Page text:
Common Cause Letters
Mr. Stephen N. Zack
The American Bar Association
321 North Clark Street
Chicago, IL 60654-7598
Dear Mr. Zack:
In light of recent reports in The New York Times indicating that Supreme Court Justice Clarence Thomas may have provided false information on the annual financial disclosure forms required by the Ethics in Government Act and may have engaged in fundraising activities that appear to be in violation of Canon 4 of the Code of Conduct for U.S. Justices, I would urge the American Bar Association to do the following: Issue a public statement stating the position of the American Bar Association on whether these activities represent a violation of the judicial code of conduct;
1. Include in that statement the American Bar Association’s position on whether the current Judicial Conference Code of Conduct should be binding and applicable upon members of the US Supreme Court;
2. Call upon Chief Justice Roberts to provide answers on behalf of the US Supreme Court to the question of whether the judicial code of conduct does or does not apply to the Court. And, if the Code does apply, the American Bar Association should request a response from the Court as to how it enforces it;
3. Call upon Chief Justice Roberts to provide answers on behalf of the Court and Justice Thomas, in particular, to questions concerning:
a. Justice Thomas’s personal involvement in fundraising for the Pin Point Heritage Museum in Thomas’s hometown;
b. Allegations that Justice Thomas traveled on Harlan Crow’s private jet and yacht and has failed to disclose such gifts on his annual financial disclosure forms;
4. The apparent conflict of interest inherent in Justice Thomas’ acceptance of personal gifts including a bust of President Lincoln valued at $15,000 from an entity for which Mr. Crow was serving as a trustee;
5. Call upon the US House and Senate Judiciary Committees to hold hearings to consider legislation extending the Judicial Conference Code of Conduct to include all federal judges, including the US Supreme Court Justices.
I appreciate your longstanding commitment to maintaining the highest ethical standards within the legal profession. We are convinced that Justice Thomas’ reported fundraising activities and potential violation of the Canons merit your attention as head of our nations’ largest voluntary legal bar association. Our system of justice depends on public confidence that those administering the laws are also following them – in letter and spirit. While the Supreme Court is at the pinnacle of the justice system, and only it can enforce the rules on its members, it is vital that respected, legal organizations such as the ABA make their views publicly known on such critical matters as these.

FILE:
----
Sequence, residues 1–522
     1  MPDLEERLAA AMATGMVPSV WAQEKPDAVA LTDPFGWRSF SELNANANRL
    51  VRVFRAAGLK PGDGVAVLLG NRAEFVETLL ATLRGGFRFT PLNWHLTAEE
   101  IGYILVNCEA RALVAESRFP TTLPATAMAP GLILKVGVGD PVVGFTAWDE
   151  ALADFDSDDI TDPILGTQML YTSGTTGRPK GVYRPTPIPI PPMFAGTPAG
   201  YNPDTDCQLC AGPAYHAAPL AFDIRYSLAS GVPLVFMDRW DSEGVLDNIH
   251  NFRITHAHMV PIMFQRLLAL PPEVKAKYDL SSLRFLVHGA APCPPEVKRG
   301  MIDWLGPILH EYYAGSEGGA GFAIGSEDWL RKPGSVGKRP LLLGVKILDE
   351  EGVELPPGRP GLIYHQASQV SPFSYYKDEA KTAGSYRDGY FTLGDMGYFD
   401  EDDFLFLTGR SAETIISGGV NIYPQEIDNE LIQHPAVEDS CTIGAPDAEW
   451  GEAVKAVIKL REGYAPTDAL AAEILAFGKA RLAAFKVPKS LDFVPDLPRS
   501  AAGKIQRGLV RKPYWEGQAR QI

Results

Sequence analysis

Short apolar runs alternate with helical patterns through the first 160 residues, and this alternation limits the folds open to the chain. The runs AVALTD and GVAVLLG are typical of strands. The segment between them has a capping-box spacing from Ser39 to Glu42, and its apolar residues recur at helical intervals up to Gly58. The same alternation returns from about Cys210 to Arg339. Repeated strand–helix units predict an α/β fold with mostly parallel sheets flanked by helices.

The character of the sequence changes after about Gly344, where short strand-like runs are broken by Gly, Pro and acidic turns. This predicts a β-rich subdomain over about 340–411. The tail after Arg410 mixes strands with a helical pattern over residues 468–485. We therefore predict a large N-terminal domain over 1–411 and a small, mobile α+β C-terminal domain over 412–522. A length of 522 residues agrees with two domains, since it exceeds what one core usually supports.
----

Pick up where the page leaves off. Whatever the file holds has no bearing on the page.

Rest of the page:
As you may know, Common Cause has been concerned for some time about the Court’s adherence to the Code of Conduct. While the language of the Code does not mention the Court, Justices Kennedy and Breyer told the House Appropriations Financial Services subcommittee on April 14, 2011 that the justices take pains to follow the canons.
“The Code of Conduct does apply to the justices in the sense that we have agreed to be bound by them,” Justice Kennedy testified. “Those rules are public and if there is some question that we haven’t complied with the letter or spirit of those rules, there can be comment about that. Of course, the court has to follow rules of judicial ethics. That’s part of our oath, that’s part of our obligation of neutrality.”
I am confident that you would agree that all members of our highest court should observe the same high standards of conduct that the Code imposes on every other federal judge. To not do so would create a situation that in effect allows the highest court in our land to abide by the lowest standards within the judicial branch.
As part of this request, I have attached a number of relevant documents for your review, including our recent letter to the Chief Justice asking for clarification of the Code of Conduct for Federal Judges to the US Supreme Court and a letter to the US Congress urging the adoption of a comprehensive code of conduct applicable to the US Supreme Court signed by 135 Law Professors.
Again, I would urge you in your capacity as president of the American Bar Association to respond in a timely fashion to the issues raised in this letter.
CC: Attorney-at-law Ms. Carolyn Lamm, immediate past president, ABA
The Honorable, Justice Patricia Quinn, Florida State Supreme Court, Chair,
ABA Judges Advisory Commission
The New York Times, “Ethics, Politics and the Law” (June 30, 2011)
The New York Times, “Friendship of Justice and Magnate Puts Focus on Ethics” (June 18, 2011)
March 17, 2011 Letter to US Congress, signed by 135 Law Professors urging adoption of a comprehensive code of judicial ethics applicable to US Supreme Court
May 3, 2011 Letter to the US House Subcommittee on financial Services and General Government from the US Supreme Court
May 9, 2011 Letter from Common Cause to The Honorable John Roberts, Chief Justice, US Supreme Court